The airline’s Flying Club members will receive host of benefits, which will enhance their journeys across the SkyTeam network. Virgin Atlantic Silver Card holders are recognised as SkyTeam Elite Members, whilst the airline’s Gold Card members have become Elite Plus.

Canada home price index declines again in February - Teranet - REUTERS

MARCH 18, 2023

OTTAWA, March 17 (Reuters) - Canadian home prices fell 0.3% in February from January, as prices dropped in seven of the 11 major markets, Teranet–National Bank National Composite House Price data showed on Friday.

The index, which tracks repeat sales of single-family homes in major Canadian markets, showed that the monthly decline - led by price drops in Toronto and Calgary - was smaller than the 1.1% decrease recorded in January over December.

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The prices - which are not seasonally adjusted - rose in four cities including Vancouver and Victoria, both in the western province of British Columbia.

Home prices fell by 4.7% in February compared to February 2022, marking the second consecutive year-over-year decline, National Bank of Canada economist Daren King said in a statement.

The Teranet index tracks closings, so it typically lags realtor sales data by three to five months.

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Reporting by Ismail Shakil in Ottawa, editing by David Ljunggren and Sandra Maler

Europe Is Running Out of Doctors and Nurses, WHO Warns - BLOOMBERG

MARCH 22, 2023

BY  Lisa Pham and Irina VilcuBloomberg News

(Bloomberg) -- Europe is in the midst of a health-worker crisis that must be addressed soon as the region grapples with an aging population and a surge in chronic illnesses, according to the World Health Organization. 

“The health workforce crisis in Europe is no longer a looming threat — it is here and now,” said Hans Kluge, WHO’s regional director for Europe. “If the current climate of industrial action, burnout and brain drain are anything to go by, then our health systems are in deep trouble.” 

Kluge spoke at an event in Romania where countries across Europe adopted a plan — known as the Bucharest Declaration — to help protect and support health workers, as strikes over working conditions and insufficient resources continue to ripple through the region.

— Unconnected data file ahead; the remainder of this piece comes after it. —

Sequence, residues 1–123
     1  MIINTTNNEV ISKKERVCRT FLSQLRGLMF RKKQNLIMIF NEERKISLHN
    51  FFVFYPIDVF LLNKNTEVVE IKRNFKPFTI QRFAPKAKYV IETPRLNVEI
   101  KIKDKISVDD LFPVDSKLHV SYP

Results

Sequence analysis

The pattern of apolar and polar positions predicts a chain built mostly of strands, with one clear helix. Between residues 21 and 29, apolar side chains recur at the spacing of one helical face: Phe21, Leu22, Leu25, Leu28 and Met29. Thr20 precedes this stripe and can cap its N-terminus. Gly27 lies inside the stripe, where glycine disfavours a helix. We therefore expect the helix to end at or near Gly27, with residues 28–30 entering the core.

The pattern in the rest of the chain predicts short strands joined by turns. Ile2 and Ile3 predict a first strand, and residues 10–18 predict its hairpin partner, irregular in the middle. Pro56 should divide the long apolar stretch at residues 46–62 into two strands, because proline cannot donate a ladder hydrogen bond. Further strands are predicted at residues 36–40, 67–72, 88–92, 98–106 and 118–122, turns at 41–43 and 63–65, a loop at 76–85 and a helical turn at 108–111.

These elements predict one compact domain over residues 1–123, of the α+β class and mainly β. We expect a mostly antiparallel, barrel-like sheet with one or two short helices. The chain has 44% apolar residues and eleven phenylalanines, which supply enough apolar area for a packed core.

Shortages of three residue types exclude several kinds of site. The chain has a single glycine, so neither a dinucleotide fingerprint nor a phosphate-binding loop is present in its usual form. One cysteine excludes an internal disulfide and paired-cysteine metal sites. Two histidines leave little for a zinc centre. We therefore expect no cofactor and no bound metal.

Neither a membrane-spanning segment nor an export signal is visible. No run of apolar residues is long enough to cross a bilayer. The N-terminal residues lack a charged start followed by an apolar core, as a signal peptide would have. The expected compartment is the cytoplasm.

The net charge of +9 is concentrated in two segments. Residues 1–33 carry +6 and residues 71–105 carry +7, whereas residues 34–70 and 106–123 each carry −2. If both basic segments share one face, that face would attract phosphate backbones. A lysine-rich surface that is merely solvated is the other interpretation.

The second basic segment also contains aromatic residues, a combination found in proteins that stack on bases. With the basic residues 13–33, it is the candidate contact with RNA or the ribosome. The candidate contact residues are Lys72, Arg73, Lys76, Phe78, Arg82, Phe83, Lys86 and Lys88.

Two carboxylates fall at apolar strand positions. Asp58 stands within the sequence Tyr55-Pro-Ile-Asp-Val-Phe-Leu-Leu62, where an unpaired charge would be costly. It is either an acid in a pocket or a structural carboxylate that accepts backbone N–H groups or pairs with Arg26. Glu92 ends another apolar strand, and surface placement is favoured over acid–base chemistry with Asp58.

More than 100,000 doctors and nurses in France walked out in November, while thousands of health-care workers in Germany went on strike last summer. In the UK, health-care workers have staged a series of industrial action since mid-December. 

The walkouts not only reflects “growing frustration and concern” among health workers across the region but are an impediment to attracting fresh talent too, said Kluge. 

“As we enter the fourth year of the pandemic, our health workers are tired, overburdened and often under-paid,” he said. “If we hope to face the multiple health challenges that lie before us, from an aging population to climate change to antimicrobial resistance to another pandemic, we need a large, well-trained and motivated health workforce.” 

A regional report published by WHO in September warned of a “ticking timebomb” threatening health systems in Europe and Central Asia and said there could be imminent collapse in key areas unless quick, concrete political actions were taken. 

The Bucharest Declaration urges governments to carry out a number of measures such as improving the recruitment and retention of staff, increasing public investment and implementing better planning.